LG 2018 TV Reviewers Workshop, Part 1


Yesterday, LG invited several TV reviewers to attend a day-long workshop in Hollywood, CA. Of course, the main topic of discussion was the company’s 2018 lineup of OLED and Super UHD LCD TVs, as well as visits to several prominent locations in Tinsletown.

The day started at Mack Sennett Studios, one of the oldest movie studios in Hollywood. Tim Alessi, LG’s Product Development Manager, began with a summary of the features found in the 2018 TV models. I already wrote about most of this in my CES coverage of the OLED TVs here and the Super UHD TVs here.

To recap the most important points, LG’s 2018 LG OLED TVs have a new, more powerful video processor, dubbed the Alpha 9, which exhibits a 35% improvement in CPU and GPU power and a 50% increase in DDR memory capacity. The Alpha 9 supports a four-step noise reduction and decontouring algorithm (doubling the two-step algorithm in last year’s processor), an object-based depth enhancer, and an adaptive color enhancer. In addition, the internal color lookup table (LUT) has been increased from 17x17x17 (4913 points) to 33x33x33 (35,937 points), which results in much greater color accuracy.

The Alpha 9 also supports high frame rates up to 120 fps with 4K UHD resolution via USB and 2K HD resolution via HDMI 2.0. (Tim said that HDMI 2.1 could be implemented in the 2019 models.) Of course, there is currently no consumer content at 120 fps, but video games are pushing that envelope.

Regarding high dynamic range, the LG OLED TVs are the only ones on the market to support four flavors: HDR10, Dolby Vision, HLG, and Technicolor. Even better, these TVs apply dynamic tone mapping to HDR10, which includes static metadata, and HLG, which uses no metadata at all. These features are called HDR10 Pro and HLG Pro, respectively. Dolby Vision and Technicolor already use dynamic metadata. In addition, a feature called HDR Effect expands SDR content to simulate high dynamic range. Finally, the 2018 OLED models include black-frame insertion, which the 2017 models did not provide.

Another important development is LG’s partnership with Technicolor. Along with support for Technicolor’s HDR system, which is officially known by the unwieldy name “Advanced HDR by Technicolor,” the LG OLED TVs include a preset picture mode called Technicolor Expert. This mode aims to replicate the performance of a mastering monitor as closely as possible—which includes shifting the white point away from the conventional D65 standard!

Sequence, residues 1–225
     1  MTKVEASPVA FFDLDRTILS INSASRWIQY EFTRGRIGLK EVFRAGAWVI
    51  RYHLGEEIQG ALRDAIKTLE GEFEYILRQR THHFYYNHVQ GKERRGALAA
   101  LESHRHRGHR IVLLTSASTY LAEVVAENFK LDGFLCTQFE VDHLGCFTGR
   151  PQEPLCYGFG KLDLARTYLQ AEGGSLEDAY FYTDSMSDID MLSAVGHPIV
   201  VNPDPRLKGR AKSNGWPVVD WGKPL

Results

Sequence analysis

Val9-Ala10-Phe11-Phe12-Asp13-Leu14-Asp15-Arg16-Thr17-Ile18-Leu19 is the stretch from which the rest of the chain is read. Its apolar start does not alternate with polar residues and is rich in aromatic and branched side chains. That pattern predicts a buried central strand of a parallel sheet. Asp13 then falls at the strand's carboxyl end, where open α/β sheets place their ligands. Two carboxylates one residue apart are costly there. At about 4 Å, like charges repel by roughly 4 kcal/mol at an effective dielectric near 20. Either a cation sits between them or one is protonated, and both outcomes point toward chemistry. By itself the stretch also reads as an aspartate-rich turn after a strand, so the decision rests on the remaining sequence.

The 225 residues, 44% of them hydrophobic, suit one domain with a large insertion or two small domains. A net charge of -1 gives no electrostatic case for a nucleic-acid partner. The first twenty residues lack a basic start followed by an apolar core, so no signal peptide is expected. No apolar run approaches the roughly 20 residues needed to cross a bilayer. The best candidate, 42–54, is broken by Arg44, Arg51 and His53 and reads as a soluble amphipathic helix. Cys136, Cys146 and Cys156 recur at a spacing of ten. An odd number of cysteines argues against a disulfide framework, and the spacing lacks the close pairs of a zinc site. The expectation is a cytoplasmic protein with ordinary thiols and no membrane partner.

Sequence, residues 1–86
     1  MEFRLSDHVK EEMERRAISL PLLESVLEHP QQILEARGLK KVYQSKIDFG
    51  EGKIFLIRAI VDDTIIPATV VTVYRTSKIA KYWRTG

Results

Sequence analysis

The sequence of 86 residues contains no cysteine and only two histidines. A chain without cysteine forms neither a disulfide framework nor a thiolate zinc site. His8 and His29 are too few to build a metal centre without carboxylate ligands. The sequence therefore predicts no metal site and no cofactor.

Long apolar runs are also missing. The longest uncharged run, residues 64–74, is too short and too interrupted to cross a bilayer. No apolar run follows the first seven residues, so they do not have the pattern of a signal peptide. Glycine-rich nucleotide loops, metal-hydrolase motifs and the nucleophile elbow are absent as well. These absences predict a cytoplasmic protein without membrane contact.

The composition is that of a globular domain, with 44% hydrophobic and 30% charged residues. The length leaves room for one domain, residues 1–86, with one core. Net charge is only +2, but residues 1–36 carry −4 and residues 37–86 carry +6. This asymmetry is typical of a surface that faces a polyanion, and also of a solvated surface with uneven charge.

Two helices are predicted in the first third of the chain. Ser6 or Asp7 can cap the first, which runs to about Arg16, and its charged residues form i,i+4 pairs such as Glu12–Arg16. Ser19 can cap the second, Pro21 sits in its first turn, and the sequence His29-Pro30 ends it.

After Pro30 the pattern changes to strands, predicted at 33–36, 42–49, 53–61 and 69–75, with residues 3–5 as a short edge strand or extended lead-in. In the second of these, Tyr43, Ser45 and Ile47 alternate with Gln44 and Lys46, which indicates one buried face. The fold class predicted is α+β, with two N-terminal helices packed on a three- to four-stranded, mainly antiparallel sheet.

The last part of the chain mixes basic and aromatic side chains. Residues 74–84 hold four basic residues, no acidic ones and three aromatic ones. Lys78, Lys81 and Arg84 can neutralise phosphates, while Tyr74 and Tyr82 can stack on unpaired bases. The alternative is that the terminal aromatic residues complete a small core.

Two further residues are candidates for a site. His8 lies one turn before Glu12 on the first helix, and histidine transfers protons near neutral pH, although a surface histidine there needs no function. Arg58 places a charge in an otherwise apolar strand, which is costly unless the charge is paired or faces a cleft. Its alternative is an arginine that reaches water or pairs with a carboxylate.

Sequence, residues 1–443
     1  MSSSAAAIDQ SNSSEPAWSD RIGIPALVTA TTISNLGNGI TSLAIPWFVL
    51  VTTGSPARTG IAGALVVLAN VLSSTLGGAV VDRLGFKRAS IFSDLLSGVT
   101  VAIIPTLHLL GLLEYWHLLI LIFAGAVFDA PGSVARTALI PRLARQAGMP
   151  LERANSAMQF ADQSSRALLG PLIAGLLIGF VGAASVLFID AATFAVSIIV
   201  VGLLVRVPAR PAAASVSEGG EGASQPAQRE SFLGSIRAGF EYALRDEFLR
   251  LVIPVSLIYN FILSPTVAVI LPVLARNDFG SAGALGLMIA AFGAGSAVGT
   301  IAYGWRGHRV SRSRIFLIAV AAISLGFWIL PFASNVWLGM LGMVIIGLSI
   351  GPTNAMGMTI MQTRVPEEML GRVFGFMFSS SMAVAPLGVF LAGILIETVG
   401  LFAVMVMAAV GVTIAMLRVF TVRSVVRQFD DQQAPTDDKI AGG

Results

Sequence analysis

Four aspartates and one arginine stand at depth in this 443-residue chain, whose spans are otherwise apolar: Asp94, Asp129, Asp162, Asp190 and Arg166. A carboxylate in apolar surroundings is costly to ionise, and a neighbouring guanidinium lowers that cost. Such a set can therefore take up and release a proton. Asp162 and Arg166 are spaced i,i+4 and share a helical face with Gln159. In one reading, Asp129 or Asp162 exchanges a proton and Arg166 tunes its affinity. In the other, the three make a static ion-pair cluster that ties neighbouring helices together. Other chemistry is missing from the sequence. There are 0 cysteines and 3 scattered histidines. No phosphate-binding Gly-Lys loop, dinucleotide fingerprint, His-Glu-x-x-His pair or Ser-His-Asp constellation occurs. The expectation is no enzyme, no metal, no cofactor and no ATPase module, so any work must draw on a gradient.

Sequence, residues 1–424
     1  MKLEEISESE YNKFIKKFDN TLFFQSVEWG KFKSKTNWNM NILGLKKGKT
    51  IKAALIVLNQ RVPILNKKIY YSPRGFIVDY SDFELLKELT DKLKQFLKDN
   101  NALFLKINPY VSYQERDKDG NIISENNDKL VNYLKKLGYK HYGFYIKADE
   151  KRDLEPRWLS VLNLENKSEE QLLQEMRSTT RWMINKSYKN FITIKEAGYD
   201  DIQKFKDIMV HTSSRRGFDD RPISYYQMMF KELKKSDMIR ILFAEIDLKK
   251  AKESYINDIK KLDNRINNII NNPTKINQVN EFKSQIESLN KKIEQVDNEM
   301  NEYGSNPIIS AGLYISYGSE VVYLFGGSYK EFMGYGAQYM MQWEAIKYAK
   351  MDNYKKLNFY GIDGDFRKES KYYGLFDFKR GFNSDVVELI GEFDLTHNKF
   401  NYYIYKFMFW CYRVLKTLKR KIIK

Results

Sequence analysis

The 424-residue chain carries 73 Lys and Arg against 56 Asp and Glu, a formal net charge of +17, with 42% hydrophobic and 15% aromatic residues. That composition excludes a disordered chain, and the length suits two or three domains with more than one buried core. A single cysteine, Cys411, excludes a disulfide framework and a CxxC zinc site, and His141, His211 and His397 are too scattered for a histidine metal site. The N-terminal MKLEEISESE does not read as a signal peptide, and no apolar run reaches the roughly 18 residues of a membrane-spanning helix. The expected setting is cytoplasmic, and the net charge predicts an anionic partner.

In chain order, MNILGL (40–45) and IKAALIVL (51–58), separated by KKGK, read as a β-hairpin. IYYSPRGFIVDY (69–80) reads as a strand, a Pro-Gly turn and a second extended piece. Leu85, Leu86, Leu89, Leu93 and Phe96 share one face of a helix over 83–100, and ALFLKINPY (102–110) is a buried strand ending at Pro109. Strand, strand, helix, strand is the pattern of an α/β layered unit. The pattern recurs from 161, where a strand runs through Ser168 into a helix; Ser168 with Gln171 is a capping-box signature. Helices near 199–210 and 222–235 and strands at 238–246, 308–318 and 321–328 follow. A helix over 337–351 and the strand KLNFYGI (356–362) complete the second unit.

Why do that? When the measured coordinates of the white point are equal on different types of displays (such as CRTs, xenon projectors, and OLEDs), they don’t look the same to human eyes. In order to match the perceived appearance of images on these displays, the white point must be offset. This is one aspect of the Technicolor Expert mode on the LG OLED TVs.

One important feature is support for Dolby Atmos immersive sound. Of course, the TV’s speakers can’t fully re-create an immersive soundfield—even the large soundbar included with the W8. The important point here is that a Dolby Atmos bitstream can be sent via HDMI ARC (Audio Return Channel) to an AV receiver or Atmos soundbar. The bitstream is encoded in Dolby Digital Plus, not Dolby TrueHD. Also, the AVR or soundbar must be able to inform the TV via HDMI CEC (Consumer Electronics Control) that it is Dolby Atmos-compatible.

The biggest news about the 2018 Super UHD LCD TVs is that the top two models—SK9500 and SK9000—employ FALD (full-array local-dimming) backlights rather than edgelighting as in last year’s models. (The SK9500 has more dimming zones than the SK9000, but LG would not reveal the number of zones in either model.) Another core feature is LG’s Nano Cell technology, which uses nanoparticles to enhance the red and green spectral components to achieve wider color gamut and improved accuracy. In addition, LG touts its use of IPS (in-plane switching) LCD panels for wider viewing angles, which the company’s research indicates is important for most consumers.

Update: I previously reported that all 2018 Super UHD TVs use true 10-bit LCD panels, which we were told at the briefing. However, LG subsequently informed me that was not correct; all 2018 Super UHD TVs use 8-bit panels with dithering, even the flagship SK9500. LG added that a new process makes the output visually indistinguishable from a 10-bit panel.

In addition, all Super UHD TVs—and the B8 OLED—incorporate the Alpha 7 processor, which is essentially the same as last year’s processor. They can display HFR up to 120 fps, but not with HDR and 4K resolution at the same time.

The LG OLED and Super UHD TVs both offer the company’s new ThinQ AI user interface, which is built on top of the webOS smart-TV platform. This enables voice control using more natural commands, such as “It’s too loud” and “Turn off the TV when this program is over.” You can also ask other questions, such as “Do I need an umbrella today?” No wake-up word is needed, since the system listens only when you push a button on the remote. The TVs are also compatible with Google Home and Amazon Echo products, which do require a wake-up word.